New York City is a crazy place to hunt for housing. It’s full of glitz and glam, gut renovations, tiny nooks masquerading as bedrooms, and slightly larger micro-apartments masquerading as homes to name a few.
And while it’s tempting to just put on your rose-colored glasses and pray, a bit more of a Rosie-the-Riveter tint will help you envision the unseen upsides to every space.
Here are three quick NYC apartment tips (because let’s be real, you only have a New York minute to spare) that will help you make the most of your future home — from a happy human and real estate agent living in a 250-square-foot apartment in Harlem:
1. Inspect the apartment’s layout, lighting, and ceiling height.
If you’re buying, you’ll get a decent estimate of the property’s size in square feet, especially if it’s new construction. But for most rentals, turnover is so high and renovations so pervasive that landlords don’t publish square footage. That leaves the gut-instinct-to-verified-data ratio firmly in the renter’s control.
So: A) bring a tape measure and B) pay attention to things like layout, light, and ceiling height. Those affect the livability of the space far more than a 20-square-foot difference in “size.”
Pro Tip: If the place has tiny windows, here are seven easy ways to fill your apartment with natural light so that you don’t go insane.
2. Think vertically.
As a realtor, I’d say vertical space is NYC’s most undervalued real estate asset. I can’t tell you the number of apartments I’ve seen in which all use stops at the height of the tallest occupant!
The best investment you can make in a small space is a cute footstool and a whole lotta shelving. Then, get creative!
IKEA sells fabulous wall-mounted tension wires that are great for hanging lighter clothing items. Floating shelves solve the problem of books. Extra towels and linens can be stored in baskets on high.
Heck, if you have cool folding chairs (like the army issue ones I scored on Etsy), you can mount them to the wall for an easy-but-not-omnipresent seating solution that won’t cramp your studio space.
3. Count your clothes before your closets.
How much is one closet technically worth in a one-bedroom apartment? Those of us who grew up in suburban environments (guilty!) may have an instinctive preference for cavernous storage space, along with an unclear understanding of our actual needs.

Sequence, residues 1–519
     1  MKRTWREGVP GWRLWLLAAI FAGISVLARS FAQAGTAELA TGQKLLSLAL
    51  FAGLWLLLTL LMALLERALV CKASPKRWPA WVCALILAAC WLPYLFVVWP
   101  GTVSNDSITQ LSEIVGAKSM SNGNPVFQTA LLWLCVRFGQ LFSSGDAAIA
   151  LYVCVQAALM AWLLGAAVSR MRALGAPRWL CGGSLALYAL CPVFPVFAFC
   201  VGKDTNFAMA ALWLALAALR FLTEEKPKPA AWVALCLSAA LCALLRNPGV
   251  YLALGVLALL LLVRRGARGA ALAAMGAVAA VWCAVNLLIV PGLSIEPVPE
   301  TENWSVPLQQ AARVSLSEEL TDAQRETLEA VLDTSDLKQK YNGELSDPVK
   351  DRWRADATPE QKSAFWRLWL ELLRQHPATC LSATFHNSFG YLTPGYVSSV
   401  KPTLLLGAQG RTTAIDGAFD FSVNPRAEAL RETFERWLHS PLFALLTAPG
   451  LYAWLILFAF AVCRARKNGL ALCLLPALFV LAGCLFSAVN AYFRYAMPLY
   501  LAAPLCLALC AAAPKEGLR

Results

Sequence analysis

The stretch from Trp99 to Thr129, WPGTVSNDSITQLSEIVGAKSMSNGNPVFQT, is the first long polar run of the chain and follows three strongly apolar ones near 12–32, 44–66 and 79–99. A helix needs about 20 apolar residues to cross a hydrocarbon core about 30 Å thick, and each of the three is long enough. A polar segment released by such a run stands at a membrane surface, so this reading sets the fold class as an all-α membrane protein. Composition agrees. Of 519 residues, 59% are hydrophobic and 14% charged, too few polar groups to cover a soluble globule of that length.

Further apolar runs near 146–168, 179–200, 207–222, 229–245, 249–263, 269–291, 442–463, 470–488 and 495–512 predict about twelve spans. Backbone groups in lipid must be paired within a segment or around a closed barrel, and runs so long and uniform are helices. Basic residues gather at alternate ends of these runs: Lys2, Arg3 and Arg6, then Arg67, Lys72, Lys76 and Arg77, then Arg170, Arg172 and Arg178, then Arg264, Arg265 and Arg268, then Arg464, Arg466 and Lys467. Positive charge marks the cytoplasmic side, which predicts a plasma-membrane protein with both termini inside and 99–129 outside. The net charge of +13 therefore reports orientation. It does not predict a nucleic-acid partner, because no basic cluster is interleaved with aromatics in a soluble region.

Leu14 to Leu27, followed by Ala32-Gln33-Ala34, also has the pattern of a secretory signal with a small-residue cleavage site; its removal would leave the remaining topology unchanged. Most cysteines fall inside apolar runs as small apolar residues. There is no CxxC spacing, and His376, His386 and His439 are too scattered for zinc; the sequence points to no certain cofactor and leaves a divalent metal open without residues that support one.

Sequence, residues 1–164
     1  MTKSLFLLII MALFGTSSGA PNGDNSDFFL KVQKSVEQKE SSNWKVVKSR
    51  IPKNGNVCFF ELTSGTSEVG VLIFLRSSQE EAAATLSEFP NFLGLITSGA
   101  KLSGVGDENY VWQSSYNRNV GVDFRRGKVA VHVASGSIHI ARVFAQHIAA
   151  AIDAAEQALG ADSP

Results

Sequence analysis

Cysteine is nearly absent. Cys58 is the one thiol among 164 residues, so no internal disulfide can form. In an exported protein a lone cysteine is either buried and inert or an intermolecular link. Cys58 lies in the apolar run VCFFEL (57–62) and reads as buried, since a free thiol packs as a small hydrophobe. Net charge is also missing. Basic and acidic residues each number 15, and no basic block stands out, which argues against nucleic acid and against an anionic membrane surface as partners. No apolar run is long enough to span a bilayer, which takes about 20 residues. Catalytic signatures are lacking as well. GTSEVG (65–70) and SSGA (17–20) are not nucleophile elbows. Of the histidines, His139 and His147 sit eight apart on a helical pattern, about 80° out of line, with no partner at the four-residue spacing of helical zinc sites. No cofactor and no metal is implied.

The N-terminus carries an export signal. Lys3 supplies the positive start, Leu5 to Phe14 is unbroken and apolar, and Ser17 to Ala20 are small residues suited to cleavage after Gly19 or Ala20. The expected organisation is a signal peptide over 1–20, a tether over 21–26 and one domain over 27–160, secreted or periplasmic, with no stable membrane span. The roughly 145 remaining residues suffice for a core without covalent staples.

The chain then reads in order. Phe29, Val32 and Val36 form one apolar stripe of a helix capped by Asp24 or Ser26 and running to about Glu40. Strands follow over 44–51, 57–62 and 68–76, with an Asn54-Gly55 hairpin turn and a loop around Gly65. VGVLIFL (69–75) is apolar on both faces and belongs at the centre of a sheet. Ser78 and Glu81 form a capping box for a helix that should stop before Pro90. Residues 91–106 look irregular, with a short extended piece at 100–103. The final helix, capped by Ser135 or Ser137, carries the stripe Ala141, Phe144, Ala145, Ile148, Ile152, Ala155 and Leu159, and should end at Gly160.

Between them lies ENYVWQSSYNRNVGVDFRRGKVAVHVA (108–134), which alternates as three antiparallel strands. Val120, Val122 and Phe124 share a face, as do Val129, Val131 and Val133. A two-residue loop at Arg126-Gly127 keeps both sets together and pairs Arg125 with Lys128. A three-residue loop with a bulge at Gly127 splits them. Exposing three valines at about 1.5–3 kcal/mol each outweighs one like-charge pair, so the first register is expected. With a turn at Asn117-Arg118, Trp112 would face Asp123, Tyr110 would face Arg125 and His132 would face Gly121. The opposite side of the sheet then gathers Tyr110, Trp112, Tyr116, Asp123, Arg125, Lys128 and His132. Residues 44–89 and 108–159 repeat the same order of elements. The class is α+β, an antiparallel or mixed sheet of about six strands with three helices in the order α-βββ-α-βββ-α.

Borrow a copy of Marie Kondo’s The Life-Changing Magic of Tidying Up two months before your move, and purge clutter from your closet before you pack. That way, you’re not counting, or worse, hauling, unloved items from one home to the next — only to throw them away after you’ve dipped on your dream apartment because it didn’t have enough closets.
Look: There’s going to be something unsightly but super functional you’ll have to store in-house and out-of-sight (vacuum cleaner, broom, dustpan). But for the rest of your home goods, there are bureaus, floating shelves, baskets, room dividers/sliding storage walls and tech-savvy off-site storage alternatives (hello, MakeSpace!) that make seasonal switch-outs a snap.
The more you get creative with your apartment’s layout, utilize vertical height, and prioritize the stuff you love most, the more you’ll be able to live happily in your tiny (but awesome) NYC apartment.
This article was written by Michaela Morton, a senior licensed real estate salesperson and Certified Buyer Representative at Bohemia Realty Group where her special focus is on Harlem rentals and sales. A performer, writer, and fluent French speaker, Michaela loves making friends of neighbors and neighbors of friends. Read more on the Bohemia blog and follow her on Facebook and Instagram @michaelabohemia.